AB - In many western countries, identifiable populations of children read below age-expectations, and the need for effective interventions remains pressing. Indigenous populations across the globe tend to have reading outcomes lower than comparative general populations. This is a critical issue in Australia's Northern Territory where Indigenous students are far less likely to meet minimum reading standards. There is some evidence to suggest that computer-based instruction may be of particular benefit to struggling readers. To redress reading disparities between Indigenous and non-Indigenous students, a multisite single-blind randomized controlled trial to evaluate the efficacy of the ABRACADABRA web-based reading tool, http://abralite.concordia.ca, on reading, letter knowledge, and phonological awareness was conducted in Northern Territory, Australian primary schools with 164 intervention and 148 control (regular instruction) children. The total sample was 28% Indigenous. Results revealed that all intervention group students made significant gains in phonological awareness (d =.37) and phoneme-grapheme knowledge over control group peers (d =.37). Indigenous students gained significantly more per hour of instruction than non-Indigenous students in phonological awareness and early literacy skills. Results suggest that ABRACADABRA prevents lags in foundational literacy experienced by poor readers including Indigenous students. © 2013 Elsevier Ltd. All rights reserved.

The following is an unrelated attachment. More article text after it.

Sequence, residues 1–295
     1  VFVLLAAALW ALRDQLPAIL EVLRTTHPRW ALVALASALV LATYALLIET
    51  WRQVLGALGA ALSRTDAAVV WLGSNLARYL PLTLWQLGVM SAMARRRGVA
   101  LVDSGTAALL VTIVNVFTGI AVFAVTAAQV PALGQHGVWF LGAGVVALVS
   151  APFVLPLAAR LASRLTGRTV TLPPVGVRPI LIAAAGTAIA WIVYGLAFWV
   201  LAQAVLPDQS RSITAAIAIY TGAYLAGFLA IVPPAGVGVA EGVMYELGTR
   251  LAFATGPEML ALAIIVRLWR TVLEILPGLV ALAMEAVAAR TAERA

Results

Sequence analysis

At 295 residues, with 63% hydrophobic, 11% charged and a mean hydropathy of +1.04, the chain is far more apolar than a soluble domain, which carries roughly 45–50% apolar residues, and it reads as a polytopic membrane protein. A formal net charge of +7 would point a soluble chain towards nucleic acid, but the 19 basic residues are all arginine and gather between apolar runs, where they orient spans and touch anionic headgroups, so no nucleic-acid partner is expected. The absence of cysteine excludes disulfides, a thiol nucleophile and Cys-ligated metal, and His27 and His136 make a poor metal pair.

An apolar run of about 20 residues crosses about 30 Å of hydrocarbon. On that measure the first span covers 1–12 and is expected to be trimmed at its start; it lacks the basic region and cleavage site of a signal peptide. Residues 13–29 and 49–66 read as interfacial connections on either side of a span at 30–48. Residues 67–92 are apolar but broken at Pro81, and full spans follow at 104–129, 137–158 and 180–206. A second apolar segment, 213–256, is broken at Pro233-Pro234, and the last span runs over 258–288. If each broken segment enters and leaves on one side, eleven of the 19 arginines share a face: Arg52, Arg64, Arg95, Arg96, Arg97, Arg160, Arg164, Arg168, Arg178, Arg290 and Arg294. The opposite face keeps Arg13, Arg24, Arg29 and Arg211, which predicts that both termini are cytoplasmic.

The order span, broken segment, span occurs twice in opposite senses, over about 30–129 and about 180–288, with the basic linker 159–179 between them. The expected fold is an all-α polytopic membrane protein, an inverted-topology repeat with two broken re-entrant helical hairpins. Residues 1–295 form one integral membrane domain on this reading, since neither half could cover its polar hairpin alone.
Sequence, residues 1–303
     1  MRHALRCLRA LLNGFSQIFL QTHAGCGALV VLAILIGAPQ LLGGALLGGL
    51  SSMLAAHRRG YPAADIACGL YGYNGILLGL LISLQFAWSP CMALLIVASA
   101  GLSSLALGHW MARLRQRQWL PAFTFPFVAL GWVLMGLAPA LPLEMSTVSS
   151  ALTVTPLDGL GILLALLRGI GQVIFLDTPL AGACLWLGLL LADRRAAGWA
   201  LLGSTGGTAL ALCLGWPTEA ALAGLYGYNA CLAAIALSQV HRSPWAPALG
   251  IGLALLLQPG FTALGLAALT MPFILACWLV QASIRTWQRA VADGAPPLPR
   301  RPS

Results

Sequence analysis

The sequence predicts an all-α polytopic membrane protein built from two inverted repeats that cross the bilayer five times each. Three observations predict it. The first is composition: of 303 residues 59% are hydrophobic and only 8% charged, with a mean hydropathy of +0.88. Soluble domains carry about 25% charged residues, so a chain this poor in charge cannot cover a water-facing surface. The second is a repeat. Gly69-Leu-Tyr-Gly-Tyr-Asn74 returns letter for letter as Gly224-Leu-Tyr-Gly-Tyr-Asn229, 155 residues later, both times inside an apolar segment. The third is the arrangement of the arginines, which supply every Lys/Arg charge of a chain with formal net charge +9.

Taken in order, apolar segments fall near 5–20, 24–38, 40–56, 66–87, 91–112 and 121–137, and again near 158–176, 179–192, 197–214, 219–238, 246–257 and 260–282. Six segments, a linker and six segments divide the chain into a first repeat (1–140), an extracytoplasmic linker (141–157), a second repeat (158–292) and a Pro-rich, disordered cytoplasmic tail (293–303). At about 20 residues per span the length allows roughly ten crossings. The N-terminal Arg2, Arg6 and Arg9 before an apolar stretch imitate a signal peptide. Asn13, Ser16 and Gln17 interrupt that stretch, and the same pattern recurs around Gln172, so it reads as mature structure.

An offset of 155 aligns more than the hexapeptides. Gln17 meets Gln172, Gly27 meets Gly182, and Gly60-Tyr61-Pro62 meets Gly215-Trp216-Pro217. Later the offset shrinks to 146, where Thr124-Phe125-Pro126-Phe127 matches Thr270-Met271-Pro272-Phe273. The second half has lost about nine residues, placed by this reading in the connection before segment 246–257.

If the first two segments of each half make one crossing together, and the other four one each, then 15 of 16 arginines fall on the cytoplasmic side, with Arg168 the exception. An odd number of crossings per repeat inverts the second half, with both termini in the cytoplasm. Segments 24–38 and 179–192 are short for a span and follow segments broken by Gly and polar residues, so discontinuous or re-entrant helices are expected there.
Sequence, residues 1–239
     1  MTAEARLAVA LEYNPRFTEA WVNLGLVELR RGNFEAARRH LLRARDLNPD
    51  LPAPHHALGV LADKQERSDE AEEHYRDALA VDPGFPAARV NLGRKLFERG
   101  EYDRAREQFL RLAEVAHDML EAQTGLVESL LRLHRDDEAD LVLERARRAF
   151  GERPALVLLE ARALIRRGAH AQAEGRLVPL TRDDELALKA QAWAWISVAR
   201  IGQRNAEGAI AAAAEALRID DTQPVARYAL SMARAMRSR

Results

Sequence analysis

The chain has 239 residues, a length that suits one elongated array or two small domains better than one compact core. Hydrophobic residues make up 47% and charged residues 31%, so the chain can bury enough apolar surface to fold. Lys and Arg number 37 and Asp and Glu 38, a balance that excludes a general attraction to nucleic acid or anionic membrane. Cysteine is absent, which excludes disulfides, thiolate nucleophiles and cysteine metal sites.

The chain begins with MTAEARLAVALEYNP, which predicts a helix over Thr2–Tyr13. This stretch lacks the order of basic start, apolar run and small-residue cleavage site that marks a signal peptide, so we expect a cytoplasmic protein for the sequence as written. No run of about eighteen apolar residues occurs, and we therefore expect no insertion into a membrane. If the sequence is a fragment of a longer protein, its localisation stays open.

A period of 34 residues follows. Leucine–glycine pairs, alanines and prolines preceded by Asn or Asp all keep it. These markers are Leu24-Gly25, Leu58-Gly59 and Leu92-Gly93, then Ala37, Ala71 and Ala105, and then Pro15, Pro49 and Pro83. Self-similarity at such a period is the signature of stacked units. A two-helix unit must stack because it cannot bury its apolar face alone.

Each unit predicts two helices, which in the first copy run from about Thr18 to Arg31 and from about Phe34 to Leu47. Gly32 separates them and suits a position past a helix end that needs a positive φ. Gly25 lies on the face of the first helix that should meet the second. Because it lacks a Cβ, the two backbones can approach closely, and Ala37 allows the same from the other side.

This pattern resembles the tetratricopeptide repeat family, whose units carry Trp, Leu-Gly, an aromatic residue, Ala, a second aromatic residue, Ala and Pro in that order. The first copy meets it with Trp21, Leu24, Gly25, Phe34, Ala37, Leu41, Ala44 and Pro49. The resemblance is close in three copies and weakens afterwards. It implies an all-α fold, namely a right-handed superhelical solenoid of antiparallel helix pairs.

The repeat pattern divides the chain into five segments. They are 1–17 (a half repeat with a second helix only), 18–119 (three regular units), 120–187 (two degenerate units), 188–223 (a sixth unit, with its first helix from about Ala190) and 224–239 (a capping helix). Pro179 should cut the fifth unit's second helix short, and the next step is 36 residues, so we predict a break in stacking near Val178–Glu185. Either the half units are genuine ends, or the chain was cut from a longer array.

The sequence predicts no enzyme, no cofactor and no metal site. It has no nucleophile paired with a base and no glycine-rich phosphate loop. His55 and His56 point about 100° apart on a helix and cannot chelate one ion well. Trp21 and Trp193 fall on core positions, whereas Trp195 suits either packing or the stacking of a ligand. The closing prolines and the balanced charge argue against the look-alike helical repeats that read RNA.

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VL - 67